UNM Campus Observatory

UNM Dept. of Physics & Astronomy
1919 Lomas Blvd. NE, UNM North Campus
505-277-2616 (8AM-5PM)
Campus Observatory
The Observatory is a public service of the department.

At 3 pm on Fridays this page will show whether the observatory will be open that evening for our regular Friday night public viewing.

Give to the Department of Physics of Astronomy, to support the Observatory and other vital educational, outreach and research efforts

About the Observatory

The UNM Campus Observatory provides an opportunity for UNM students, school groups, and the interested public to view the night skies in a convenient setting within Albuquerque. It is used for education during the week, but every Friday night during the UNM fall and spring semesters we have open for public viewing sessions, weather permitting.

Public Viewing Sessions

When the sky is clear on a Friday evening during the UNM fall and spring semesters, we are open for public viewing sessions. The open nights are held 7-9 pm during standard time (1/19-3/8 2024), and during daylight savings time we will be open 8-10pm (3/15-5/10 2023). We are closed 3/15 due to UNM Spring Break.

At this time we have no special program or talks, it is simply a viewing session. Our telescope operators will tell you about the objects you view though, explain what they are, and answer questions. You may come and go as you please, there is no need to arrive right at the beginning or stay until the very end. There is no cost associated with the viewing sessions, it is free for all interested viewers of the universe.

The open nights are subject to weather conditions, and can be cancelled at the very last minute or closed in the middle of a session if clouds are moving in blocking the views.


Our facility is an observatory, where we view celestial objects in the night sky. We have a 14" Celestron Edge HD telescope on a platform accessible via a staircase. No lift is available.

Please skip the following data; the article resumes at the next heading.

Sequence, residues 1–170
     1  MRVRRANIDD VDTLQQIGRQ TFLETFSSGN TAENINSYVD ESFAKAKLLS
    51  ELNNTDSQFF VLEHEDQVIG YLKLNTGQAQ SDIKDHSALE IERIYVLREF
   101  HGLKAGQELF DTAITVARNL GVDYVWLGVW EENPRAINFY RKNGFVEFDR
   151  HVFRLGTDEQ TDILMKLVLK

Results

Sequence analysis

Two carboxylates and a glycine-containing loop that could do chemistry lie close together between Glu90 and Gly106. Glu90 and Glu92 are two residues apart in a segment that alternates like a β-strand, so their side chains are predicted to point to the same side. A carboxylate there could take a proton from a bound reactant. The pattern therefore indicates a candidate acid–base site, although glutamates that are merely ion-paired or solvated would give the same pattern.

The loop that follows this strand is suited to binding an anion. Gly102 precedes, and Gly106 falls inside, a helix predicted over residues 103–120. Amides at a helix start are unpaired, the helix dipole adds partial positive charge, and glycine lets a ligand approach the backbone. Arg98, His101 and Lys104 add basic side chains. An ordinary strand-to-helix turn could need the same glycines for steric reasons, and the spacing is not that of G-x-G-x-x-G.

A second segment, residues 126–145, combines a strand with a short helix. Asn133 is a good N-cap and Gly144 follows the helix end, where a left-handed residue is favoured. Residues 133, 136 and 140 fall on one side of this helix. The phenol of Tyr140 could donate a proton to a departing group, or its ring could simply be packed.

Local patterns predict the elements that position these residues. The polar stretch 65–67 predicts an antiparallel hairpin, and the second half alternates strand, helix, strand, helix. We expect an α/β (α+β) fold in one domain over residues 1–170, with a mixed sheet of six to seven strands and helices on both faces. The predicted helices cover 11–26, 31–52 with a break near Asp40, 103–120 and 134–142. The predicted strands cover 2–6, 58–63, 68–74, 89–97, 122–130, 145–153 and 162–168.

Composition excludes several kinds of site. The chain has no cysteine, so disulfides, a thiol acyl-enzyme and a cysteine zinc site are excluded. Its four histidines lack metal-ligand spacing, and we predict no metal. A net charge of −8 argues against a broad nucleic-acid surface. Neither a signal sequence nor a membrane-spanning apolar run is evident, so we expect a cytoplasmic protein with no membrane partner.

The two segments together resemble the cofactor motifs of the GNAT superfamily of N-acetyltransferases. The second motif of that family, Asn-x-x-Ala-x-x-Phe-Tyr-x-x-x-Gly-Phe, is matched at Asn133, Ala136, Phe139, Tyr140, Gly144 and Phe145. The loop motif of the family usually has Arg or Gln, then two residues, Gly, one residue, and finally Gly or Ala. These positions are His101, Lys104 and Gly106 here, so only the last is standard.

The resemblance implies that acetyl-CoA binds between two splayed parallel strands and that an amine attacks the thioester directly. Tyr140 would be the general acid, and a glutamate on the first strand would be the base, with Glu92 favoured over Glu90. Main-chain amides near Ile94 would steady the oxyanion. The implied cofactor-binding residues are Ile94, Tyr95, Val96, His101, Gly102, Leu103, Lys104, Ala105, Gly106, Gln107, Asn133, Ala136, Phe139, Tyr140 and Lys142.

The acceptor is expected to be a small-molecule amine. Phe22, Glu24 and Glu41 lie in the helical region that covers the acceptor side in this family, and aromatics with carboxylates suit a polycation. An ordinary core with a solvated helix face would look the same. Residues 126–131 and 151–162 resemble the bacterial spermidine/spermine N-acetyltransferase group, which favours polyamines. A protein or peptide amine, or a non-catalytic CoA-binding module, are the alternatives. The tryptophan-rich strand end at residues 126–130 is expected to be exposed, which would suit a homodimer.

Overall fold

Note that we do not have a planetarium, which is a facility projecting images of the sky onto a ceiling. Local planetariums can be found at the Museum of Natural History.

Location On Yale Blvd. NE, 2 blocks north of Lomas
Stucco building with white dome
See map
Facilities Celestron 14” EdgeHD acquired in 2018
Parking As of Spring 2023, there is a lot of construction going on around the observatory. The easiest way to get to the observatory is from University Blvd to turn East on Tucker Ave, and park at the parking lot at the SE corner of Yale and Tucker. Parking is free during Observatory hours.
Viewing Dates Every Friday during the UNM Fall and Spring Semesters (except Thanksgiving, Fall and Spring Break) when the weather is clear. We are closed during the summer, and over UNM winter break.
Hours When the skies are clear: 7-9 p.m. MDT (January 19 - March 8, 2024), and 8-10 p.m. MST (March 22 - May 3, 2024). Closed March 15 due to UNM Spring Break.
Admission Open to the public as well as UNM students. Free of charge.
Group Arrangements For groups of 15 or more, email at least 2 weeks in advance to make reservations: Campus Observatory. This helps us to avoid overcrowding a given night, causing long waiting times for our visitors. Otherwise, you do not need to to any bookings - just make sure to check our webpage by 3pm the day you are planning to visit us to confirm we will be open.
Safety Information If we are open, the doors to the courtyard and the dome will be open, and red lights will be on inside. If the door to the courtyard is closed we are not open. It is possible for the weather to turn bad during a public evening, in which case we may close early. If you experience an emergency, call 911. Otherwise, the number for the campus police is 277-2241.
What’s in the sky right now? Sky and Telescope’s skychart is adaptable for any location and any time.
Contact Us If you have questions feel free to contact the Observatory via Campus Observatory. We will answer as fast as we can.
Meade 14" LX200GPS Telescope:
Meade 14 inch LX200GPS acquired in 2004 Meade 14 inch LX200GPS acquired in 2004
A mosaic image of the Moon made with our new CCD camera on the 14" Meade.
Image by Daniel Zirzow and Mark Gorski
The Orion Nebula (M42) photographed through the 14" Meade
by Daniel Zirzow and Dave Martin: